Whale migration east coast Australia, usually takes place during the Antarctic winter, when whales from the south head north along Austrtalia’s eastern coastline. This is usually in response to the cold conditions in the sea, causing them to escape to warmer waters. This lasts until the spring season begins, when they return to the south for feeding.

As the cold weather grows in these southern waters from March, these warm-blooded animals find the region uncomfortable for three reasons; First, food becomes very scarce since the fishes that the whales feed on also migrate, leading to certain hunger and probable death. Second, the warm northern waters provide the perfect breeding ground for whales and this guarantees their survival since May to September is the breeding season. Lastly, the cold waters are potentially fatal for their calves which are usually born in the warmer waters in the second half of the year.

Most of these whales are of the humpback species and usually hurry north as early as may when the waters of Australia’s east coast are much more pleasant. They are visible from Sydney harbor where a robust whale watching culture prevails at this time of the year. Humpback adults range in length from 12–16 meters and weigh about 80,000 pounds. Their name derives from their very long pectoral fins and knobby head that make them look like they have a hump.

Also available in the whale horde that heads north are the southern right whales that use the same route to escape the winter. These latter tend to be more comfortable around people and boats despite their low numbers in the east coast of Australia. This journey often leads the whales towards the Great Barrier Reef region where they stay throughout the winter into mid-spring (June to October).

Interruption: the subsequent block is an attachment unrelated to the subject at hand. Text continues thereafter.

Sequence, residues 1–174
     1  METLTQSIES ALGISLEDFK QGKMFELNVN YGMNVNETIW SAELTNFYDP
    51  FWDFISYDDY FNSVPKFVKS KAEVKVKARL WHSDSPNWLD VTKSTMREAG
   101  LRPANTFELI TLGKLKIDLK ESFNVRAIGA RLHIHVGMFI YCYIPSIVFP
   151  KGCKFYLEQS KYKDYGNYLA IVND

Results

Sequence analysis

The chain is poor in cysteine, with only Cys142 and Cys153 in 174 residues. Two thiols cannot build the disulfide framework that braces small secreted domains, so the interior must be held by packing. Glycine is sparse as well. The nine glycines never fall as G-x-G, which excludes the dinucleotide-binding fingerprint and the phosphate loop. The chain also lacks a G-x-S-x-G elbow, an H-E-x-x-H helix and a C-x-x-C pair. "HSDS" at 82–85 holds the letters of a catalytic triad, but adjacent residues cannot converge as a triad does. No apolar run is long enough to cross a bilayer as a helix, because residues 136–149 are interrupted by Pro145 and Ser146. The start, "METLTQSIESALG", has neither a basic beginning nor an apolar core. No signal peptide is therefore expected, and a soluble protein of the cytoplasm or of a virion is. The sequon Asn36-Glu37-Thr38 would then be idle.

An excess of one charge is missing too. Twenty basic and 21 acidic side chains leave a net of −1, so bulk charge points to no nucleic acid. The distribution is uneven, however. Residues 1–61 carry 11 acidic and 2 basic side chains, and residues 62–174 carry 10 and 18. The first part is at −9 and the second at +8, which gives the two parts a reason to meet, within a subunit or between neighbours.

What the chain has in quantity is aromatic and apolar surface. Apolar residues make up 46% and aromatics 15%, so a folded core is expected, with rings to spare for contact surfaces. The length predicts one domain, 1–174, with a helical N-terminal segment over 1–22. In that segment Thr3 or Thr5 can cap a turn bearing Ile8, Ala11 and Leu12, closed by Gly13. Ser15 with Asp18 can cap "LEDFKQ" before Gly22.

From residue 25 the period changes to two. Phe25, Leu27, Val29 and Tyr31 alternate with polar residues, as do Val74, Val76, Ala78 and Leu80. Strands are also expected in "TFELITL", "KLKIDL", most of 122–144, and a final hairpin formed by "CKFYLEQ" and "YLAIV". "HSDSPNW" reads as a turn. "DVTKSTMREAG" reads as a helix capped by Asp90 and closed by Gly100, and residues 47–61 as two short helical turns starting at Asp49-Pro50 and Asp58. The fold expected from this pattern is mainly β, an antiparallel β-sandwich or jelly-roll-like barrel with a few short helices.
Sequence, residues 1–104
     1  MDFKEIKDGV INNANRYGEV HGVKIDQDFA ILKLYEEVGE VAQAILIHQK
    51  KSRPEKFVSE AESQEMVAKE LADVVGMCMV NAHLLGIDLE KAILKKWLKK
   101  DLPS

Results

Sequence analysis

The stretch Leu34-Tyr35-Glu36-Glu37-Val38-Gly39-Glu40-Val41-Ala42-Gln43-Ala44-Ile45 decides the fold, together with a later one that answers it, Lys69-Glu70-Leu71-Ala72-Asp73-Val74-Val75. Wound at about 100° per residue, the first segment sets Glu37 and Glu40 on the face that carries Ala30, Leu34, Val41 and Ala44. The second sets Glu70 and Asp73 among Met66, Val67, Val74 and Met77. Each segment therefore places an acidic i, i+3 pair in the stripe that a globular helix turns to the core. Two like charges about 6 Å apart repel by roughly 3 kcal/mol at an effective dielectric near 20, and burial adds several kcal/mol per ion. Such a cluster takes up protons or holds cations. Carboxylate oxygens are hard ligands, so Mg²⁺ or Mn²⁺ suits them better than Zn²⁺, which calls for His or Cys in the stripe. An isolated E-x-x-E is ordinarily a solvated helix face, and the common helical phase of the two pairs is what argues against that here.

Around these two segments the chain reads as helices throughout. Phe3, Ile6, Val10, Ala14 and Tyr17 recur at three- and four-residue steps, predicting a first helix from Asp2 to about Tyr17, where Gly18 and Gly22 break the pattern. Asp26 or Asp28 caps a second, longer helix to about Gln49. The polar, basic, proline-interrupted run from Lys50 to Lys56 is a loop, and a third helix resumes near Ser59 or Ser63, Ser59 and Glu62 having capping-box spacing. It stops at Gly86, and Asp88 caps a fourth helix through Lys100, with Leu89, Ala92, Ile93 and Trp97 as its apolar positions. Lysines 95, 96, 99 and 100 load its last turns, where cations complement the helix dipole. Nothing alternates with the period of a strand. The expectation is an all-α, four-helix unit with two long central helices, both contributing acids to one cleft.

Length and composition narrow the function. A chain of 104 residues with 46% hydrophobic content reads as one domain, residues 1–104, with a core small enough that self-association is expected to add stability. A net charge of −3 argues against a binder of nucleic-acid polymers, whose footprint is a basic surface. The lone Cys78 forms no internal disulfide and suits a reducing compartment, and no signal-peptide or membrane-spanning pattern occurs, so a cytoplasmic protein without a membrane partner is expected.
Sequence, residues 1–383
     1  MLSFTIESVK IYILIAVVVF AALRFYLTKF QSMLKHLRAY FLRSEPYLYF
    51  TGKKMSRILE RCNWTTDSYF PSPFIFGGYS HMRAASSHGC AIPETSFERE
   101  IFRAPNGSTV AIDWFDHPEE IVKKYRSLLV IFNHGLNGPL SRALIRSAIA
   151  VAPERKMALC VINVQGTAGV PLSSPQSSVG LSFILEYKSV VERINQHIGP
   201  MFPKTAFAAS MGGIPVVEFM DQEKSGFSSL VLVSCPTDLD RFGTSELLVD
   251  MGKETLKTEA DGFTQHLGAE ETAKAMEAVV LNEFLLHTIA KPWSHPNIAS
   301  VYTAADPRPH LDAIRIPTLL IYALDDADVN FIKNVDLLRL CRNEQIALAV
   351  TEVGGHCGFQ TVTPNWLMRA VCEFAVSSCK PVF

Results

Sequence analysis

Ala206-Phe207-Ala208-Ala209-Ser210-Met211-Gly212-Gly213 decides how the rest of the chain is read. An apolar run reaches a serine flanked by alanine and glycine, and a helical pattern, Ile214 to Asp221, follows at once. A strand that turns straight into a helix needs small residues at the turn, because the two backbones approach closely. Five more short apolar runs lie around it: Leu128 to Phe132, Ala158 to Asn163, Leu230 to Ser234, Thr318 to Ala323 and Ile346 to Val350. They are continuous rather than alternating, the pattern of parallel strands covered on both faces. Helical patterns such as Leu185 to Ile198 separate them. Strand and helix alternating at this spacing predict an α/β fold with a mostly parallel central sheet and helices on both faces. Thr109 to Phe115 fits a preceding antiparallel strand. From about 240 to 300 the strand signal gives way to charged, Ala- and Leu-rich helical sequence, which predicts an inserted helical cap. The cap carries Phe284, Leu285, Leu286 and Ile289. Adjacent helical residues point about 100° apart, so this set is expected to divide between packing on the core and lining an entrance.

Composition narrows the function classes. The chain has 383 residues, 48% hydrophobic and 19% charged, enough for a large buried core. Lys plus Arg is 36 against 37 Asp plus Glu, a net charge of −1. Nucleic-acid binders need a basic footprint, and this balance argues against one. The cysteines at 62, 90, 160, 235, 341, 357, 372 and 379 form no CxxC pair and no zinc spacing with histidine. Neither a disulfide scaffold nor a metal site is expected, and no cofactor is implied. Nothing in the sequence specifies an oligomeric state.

The northern whale migration of east coast Australia often has the water giants moving farther offshore then their southern return. This makes whale spotting from land or close to the shore much easier when they swim south on their return trip. On the Australian east coast, some of the best places of participating in whale spotting include the Gold Coast, Hervey bay, Stradbroke Island, Cape Byron, Sapphire coast, point hicks and storm bay. For those who want to spot them during the northern march, there are whale watch cruises around some of the bays.

The Gold Coast is becoming know as the one of the premier whale watching locations in Australia with whales generally coming within a kilometre or two of the beach off the shore, and because of its geographical location, the Gold Coast has whales passing through all season and it is one of the rare points on the East Coast where, from the middle of August, whale traffic heads in both directions past the Gold Coast.
Hervey bay is also a great spot as most of the humpback whales from the Great Barrier Reef region stopover for a few days on their return trip, providing a wonderful opportunity for whale enthusiasts. Cape Byron also provides a great opportunity since it is at Australia’s easternmost point, and the whales have to go around it on their southern march as they avoid the landmass.

Over the years, whale enthusiasts have developed a love for an all-white humpback male christened Migaloo that means “white fella” in the language of the aborigines of Australia. There is usually an annual sighting tradition and the last confirmed sighting of Migaloo was on Tuesday, October 3, 2011 around in Byron bay.